WARC, 27 July 2022

With the 2021 Australian Census revealing the significant increase in the immigrant population Down Under, Identity Communications’ Thang Ngo says marketers now need to consider diverse audiences as part of their mainstream campaign.

Young. Diverse. Godless. Behind these headlines from Australia’s 2021 Census are the migrant communities that have driven these Australian trends.

Diversity is now an integral part of Australia’s demography and culture. The latest census tells us that Australia is now a predominantly migrant country. Multicultural audiences are no longer a separate, minor niche. There is no longer multicultural marketing – it’s all marketing. Marketers need to consider diverse audiences as BAU, a part of their “mainstream” campaign.

Migrants make up more than half the population
For the first time, more than half (51.5%) of the 25.5 million population was born overseas or have at least one parent born overseas.

Australia’s population has increased by just over two million in the five years between the 2016 and 2021 censuses. Migration accounted for half of that growth and would have been more if it wasn’t for COVID-19 – 80% of migrants arrived before 2020.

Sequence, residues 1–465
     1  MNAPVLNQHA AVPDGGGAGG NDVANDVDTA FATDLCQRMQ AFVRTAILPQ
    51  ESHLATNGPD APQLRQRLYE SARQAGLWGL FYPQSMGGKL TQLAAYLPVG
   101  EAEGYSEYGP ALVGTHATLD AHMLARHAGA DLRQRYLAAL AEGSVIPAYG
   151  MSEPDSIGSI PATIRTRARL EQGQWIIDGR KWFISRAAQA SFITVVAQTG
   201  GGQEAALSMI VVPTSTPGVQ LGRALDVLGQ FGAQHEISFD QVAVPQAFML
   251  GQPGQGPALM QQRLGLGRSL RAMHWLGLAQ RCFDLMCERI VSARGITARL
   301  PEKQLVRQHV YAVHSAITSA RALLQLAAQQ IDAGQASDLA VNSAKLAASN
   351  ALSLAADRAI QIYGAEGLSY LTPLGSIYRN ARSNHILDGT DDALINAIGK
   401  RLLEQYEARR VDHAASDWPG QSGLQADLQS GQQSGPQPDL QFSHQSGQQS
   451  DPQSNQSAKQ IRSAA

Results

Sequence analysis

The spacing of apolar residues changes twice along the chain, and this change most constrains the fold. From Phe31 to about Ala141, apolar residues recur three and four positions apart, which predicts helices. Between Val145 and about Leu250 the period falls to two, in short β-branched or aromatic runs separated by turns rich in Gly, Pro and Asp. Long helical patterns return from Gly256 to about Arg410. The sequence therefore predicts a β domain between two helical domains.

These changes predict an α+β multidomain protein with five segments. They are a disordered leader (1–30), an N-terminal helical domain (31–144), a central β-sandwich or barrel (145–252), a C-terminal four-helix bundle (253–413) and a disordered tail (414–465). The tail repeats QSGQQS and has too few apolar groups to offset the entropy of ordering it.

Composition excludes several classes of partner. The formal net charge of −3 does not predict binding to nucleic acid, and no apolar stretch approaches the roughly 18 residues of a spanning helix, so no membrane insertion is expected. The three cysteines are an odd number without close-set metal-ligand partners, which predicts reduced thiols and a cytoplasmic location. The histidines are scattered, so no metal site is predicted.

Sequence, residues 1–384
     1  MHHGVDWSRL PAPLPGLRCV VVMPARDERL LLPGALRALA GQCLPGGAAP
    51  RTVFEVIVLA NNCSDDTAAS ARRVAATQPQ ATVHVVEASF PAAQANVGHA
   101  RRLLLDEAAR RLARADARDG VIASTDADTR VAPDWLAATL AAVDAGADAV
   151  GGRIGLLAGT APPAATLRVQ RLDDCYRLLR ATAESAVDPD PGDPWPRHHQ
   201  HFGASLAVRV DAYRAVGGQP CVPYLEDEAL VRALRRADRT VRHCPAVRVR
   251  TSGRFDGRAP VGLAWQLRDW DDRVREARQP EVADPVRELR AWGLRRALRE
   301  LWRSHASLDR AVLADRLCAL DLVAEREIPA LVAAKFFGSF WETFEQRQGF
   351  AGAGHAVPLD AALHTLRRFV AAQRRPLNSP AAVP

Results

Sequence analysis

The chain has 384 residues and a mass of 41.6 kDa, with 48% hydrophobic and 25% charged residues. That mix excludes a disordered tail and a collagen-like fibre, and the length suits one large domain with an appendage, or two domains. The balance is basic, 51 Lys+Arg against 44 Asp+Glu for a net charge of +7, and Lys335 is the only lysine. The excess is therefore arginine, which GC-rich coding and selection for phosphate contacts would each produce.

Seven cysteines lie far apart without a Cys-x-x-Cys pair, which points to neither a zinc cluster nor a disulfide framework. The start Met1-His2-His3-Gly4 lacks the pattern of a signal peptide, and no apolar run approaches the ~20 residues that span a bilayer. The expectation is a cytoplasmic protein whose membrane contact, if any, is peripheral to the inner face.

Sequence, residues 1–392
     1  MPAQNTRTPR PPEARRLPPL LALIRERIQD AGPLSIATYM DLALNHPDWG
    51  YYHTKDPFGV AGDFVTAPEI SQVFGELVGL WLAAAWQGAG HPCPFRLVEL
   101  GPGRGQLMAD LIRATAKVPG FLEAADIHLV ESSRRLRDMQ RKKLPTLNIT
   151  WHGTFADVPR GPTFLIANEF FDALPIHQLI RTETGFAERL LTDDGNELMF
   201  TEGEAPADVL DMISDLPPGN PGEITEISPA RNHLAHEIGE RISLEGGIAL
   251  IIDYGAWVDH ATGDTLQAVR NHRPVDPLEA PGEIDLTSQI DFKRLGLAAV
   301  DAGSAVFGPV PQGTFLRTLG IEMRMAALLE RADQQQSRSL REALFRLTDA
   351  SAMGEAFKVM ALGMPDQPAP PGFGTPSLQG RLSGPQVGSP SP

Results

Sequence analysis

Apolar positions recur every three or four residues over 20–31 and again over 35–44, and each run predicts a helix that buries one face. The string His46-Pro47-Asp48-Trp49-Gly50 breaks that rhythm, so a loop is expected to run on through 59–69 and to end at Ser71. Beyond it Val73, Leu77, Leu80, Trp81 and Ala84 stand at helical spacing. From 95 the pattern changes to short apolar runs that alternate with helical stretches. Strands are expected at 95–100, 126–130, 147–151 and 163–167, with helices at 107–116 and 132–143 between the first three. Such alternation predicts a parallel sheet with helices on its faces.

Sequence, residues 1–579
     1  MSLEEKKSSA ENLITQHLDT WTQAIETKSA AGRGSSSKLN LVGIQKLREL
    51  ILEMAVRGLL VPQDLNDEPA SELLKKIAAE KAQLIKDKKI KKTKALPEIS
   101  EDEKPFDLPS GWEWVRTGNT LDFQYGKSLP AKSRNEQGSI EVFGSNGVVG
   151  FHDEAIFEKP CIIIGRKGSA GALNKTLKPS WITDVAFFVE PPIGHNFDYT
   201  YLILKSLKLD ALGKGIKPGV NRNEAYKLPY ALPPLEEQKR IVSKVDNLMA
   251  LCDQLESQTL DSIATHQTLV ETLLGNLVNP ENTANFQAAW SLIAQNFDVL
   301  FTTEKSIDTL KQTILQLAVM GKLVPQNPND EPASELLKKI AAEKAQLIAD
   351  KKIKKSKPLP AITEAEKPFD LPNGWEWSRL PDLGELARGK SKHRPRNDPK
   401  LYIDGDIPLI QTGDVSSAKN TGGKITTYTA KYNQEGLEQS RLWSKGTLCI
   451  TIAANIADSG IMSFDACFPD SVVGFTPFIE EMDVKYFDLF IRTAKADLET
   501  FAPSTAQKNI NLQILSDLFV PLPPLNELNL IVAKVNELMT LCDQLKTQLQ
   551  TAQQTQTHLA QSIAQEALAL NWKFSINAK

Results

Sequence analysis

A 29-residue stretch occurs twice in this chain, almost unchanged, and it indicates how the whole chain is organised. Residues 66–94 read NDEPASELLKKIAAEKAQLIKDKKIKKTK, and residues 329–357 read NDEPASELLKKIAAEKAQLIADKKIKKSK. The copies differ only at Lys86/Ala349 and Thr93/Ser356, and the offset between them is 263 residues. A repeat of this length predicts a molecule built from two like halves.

Australia is also more linguistically diverse than ever. More than 5.5 million people now speak a language other than English at home – that’s one in five people – more than at any other time in history and up 800,000 from the previous census.

In Australia’s most populous states, New South Wales and Victoria, that ratio is one in four. In their capital cities, Sydney and Melbourne, the figure rises to one in three.

The top languages spoken in Australia indicate the rise in Asian languages. Around one million people speak a Chinese language and Punjabi has cracked the top six for the first time. Longer-established groups from Europe, such as Greek and Italian, are on the decline, with Italian no longer in the top six.

Australia’s most spoken languages (excluding English)